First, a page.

TERRY, Associate Judge:
Appellants Levy and Williams, who are husband and wife, own a town house on M Street, Northwest, next door to a town house owned by appellee Currier. They sued Currier for damages resulting from a fire that occurred when workmen, using an acetylene torch, attempted to remove a fire escape that was attached to Currier's house. Currier added the Central American Refugee Center (CARC), the employer of the workmen, as a third-party defendant. After a non-jury trial, the court entered findings of fact and conclusions of law favorable to Currier and CARC and granted their motion to dismiss the complaint, albeit without prejudice.
Appellants' town house was seriously damaged by a fire which began in a bird's nest on a window sill of the town house next door, owned by appellee Currier, and then spread to the roof of appellants' home. At the time of the fire, Currier's house was undergoing renovation under the supervision of his agent, Curtis Johnson.
Some time before the date of the fire, Currier had instructed Johnson to have a fire escape removed from the front of his house. Paul Leach, a contractor who was
Johnson testified at trial that he accepted Dominguez's assurance that CARC would engage someone competent to effect the removal of the fire escape. Johnson said he "possibly might have mentioned" to Dominguez that the fire escape could simply be unbolted from the building, since it appeared to be attached by "long bolts and nuts," but he understood from Dominguez that welding equipment might be used. Johnson conceded that he did not know "whether these welders who were going to be utilized had ever engaged in this type of operation before" or what safety precautions, if any, might be taken as part of the removal operation.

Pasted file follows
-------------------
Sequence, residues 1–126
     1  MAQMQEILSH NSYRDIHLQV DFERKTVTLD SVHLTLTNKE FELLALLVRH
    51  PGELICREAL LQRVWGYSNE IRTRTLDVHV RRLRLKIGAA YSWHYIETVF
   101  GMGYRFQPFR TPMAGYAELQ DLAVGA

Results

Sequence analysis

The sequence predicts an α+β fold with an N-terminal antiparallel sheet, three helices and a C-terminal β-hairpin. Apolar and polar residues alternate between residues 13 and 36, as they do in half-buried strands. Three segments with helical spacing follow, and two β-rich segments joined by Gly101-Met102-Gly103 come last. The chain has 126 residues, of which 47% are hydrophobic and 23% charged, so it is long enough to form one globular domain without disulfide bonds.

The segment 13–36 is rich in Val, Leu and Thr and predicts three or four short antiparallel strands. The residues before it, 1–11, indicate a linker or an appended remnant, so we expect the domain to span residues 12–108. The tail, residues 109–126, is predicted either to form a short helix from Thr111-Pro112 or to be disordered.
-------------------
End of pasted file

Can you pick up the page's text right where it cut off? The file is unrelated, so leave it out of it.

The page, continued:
Finally, Johnson stated that he was not aware of any birds' nests on the window sills of Currier's house at the time CARC's workmen arrived to remove the fire escape. He had previously seen to it that such nests were removed as they were found. No particular warnings were given to Dominguez or CARC regarding any adverse conditions on the premises because Johnson assumed that "anyone that was hired by Mr. Dominguez ... who would have any instruments such as a torch would have the common sense to be able to check out and see whether there was any flammable material there that could indeed possibly cause a fire."
On the appointed morning, workmen hired by CARC appeared at Currier's home to remove the fire escape, bringing with them a saw, a ladder, and other equipment.
Thomas Gardner, a fire inspector with the District of Columbia Fire Department's Investigation Unit, examined the site of the fire to determine its cause. He concluded that the fire began when a piece of slag (molten metal) or a spark from the acetylene torch used by the workmen landed in a bird's nest, which was on a window sill near the roof of Currier's house. Once ignited, the fire quickly moved from the bird's nest into Currier's house and then spread to the two adjoining houses. The bird's nest, according to Gardner, was approximately five feet from the point on the fire escape where the torch was being used. Inspector Gardner noted that the workmen did not have a fire extinguisher with them, nor had they obtained a permit for the work they were doing as mandated
Monica Yriart, a staff attorney with CARC, testified that the by-laws of CARC did not grant the executive director, Mr. Dominguez, the right to commit funds for CARC without the approval of the Board, but that he was vested with authority to run the organization.
At the close of the trial, the judge heard argument from counsel on the defendants' motion to dismiss the complaint and then took the case under advisement. A few days later he issued an order which contained the following conclusions of law: